As many children did, I learned the Ten Commandments in Sunday school. When we talked about keeping the Sabbath holy, I pictured bearded old men lying on dirt floors in hut-like houses, staring at their thatched ceilings and doing nothing all day.
I don’t think those mental images were at all historically accurate, but it wasn’t until college that I realized my perception of the Sabbath in general was also flawed.
Last year, I found myself controlled by a calendar of filled squares. I also found myself avoiding God’s continual tug on my heart to give up a whole day to honor him. I thought the Sabbath did not apply to me: I was a full-time college student, involved at my church and sorority, volunteered regularly, and Sing season was fast approaching — I had no time to waste.
I was above it.
God was quick to correct me. I finally paid attention to my convictions and decided to practice the Sabbath for the duration of Lent.
The first Sunday was rough. I did not feel rested at all. I sat and stared at the wall as reminders of responsibilities for the upcoming week crept into my thoughts. However, with each week, I found a rhythm. I would wake up, go to church, eat lunch with a friend, and spend the afternoon on the rooftop of Dichotomy, reading a Jane Austen book or my Bible. Later, I would watch a movie or get coffee with someone I hadn’t made time for that week.
I had always thought my schedule too packed and precious to be tampered with by an outdated practice. However, as gave up my Sundays to God, I learned my excuses were foolish.
“I’m too busy.” If you identify with this, likely the most common excuse, consider you are not wrong. I will not tell you that your current schedule will permit a whole day of rest. The problem with this excuse is not that it is false, but it indicates an unwillingness to sacrifice the right things. Your schedule on any given day is probably full; however, we cannot ignore the fact that we get to choose what fills it.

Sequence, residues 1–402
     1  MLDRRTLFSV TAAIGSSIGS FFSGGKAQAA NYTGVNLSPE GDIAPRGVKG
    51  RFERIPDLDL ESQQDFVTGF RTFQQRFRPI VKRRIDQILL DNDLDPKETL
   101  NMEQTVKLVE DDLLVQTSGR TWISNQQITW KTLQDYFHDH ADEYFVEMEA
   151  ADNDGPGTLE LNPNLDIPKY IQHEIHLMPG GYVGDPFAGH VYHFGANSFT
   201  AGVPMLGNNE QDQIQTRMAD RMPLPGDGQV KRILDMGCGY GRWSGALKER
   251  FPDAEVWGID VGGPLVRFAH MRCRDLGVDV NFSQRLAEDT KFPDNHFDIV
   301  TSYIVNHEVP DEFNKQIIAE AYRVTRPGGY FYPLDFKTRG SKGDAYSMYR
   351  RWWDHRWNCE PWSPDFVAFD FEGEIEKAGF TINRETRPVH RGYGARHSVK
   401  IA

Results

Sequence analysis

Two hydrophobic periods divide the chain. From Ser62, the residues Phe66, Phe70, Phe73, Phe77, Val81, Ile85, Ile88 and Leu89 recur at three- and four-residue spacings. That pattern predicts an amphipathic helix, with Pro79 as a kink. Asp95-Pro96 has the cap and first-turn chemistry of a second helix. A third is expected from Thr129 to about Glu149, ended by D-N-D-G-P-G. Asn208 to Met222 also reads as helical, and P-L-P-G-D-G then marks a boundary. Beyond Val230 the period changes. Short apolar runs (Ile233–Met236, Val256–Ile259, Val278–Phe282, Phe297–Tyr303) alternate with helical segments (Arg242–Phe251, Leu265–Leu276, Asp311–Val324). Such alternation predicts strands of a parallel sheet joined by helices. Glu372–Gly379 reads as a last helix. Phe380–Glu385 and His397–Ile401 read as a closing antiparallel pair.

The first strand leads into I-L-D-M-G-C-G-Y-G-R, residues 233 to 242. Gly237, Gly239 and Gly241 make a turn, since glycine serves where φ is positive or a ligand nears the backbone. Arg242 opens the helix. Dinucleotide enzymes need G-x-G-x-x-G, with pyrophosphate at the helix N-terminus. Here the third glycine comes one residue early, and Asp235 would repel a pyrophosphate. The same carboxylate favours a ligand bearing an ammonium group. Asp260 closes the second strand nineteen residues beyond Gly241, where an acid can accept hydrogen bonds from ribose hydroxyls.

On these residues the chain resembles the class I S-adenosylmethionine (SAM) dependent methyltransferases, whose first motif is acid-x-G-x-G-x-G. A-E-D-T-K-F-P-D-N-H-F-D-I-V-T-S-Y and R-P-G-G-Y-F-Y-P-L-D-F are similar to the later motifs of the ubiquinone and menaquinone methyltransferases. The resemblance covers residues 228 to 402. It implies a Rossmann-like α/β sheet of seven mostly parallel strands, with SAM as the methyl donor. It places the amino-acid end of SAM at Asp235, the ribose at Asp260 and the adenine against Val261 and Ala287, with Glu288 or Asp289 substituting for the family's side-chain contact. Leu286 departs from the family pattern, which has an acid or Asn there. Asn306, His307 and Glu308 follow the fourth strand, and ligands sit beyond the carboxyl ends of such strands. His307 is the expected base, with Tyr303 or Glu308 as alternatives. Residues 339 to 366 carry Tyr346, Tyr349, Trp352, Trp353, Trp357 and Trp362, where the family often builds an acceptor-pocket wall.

The Sabbath is not for us to do nothing. It is for us to slow down and acknowledge God. We don’t know what we’re missing until we seek it.
Just like the other commandments God gives us, the Sabbath is not intended to be a punishment, but rather, a gift. When we give up a day to honor God, we have to let go of things. We might actually not finish an assignment. But we rid ourselves of the anxiety that comes with the belief we are in control. As we let go of that control, we gain responsibility. We take leadership of our lives and responsibility for the way we spend our time.
Sabbath days force us to prioritize God. If I told a friend she was the most important part of my life but continually failed to make time for her, I would be lying. It’s no different with God. Practicing the Sabbath forces us to prioritize God with our time and actions.
Even as college students, we are still human, and we need rest. God rested on the seventh day of creation — If he is not above rest, we surely are not.
Give up a day of your week to gain peace of mind and reorder your priorities. Pray and play. Watch a football game instead of doing your laundry. Bask in God’s goodness, and remember there is more to life than what is due next week.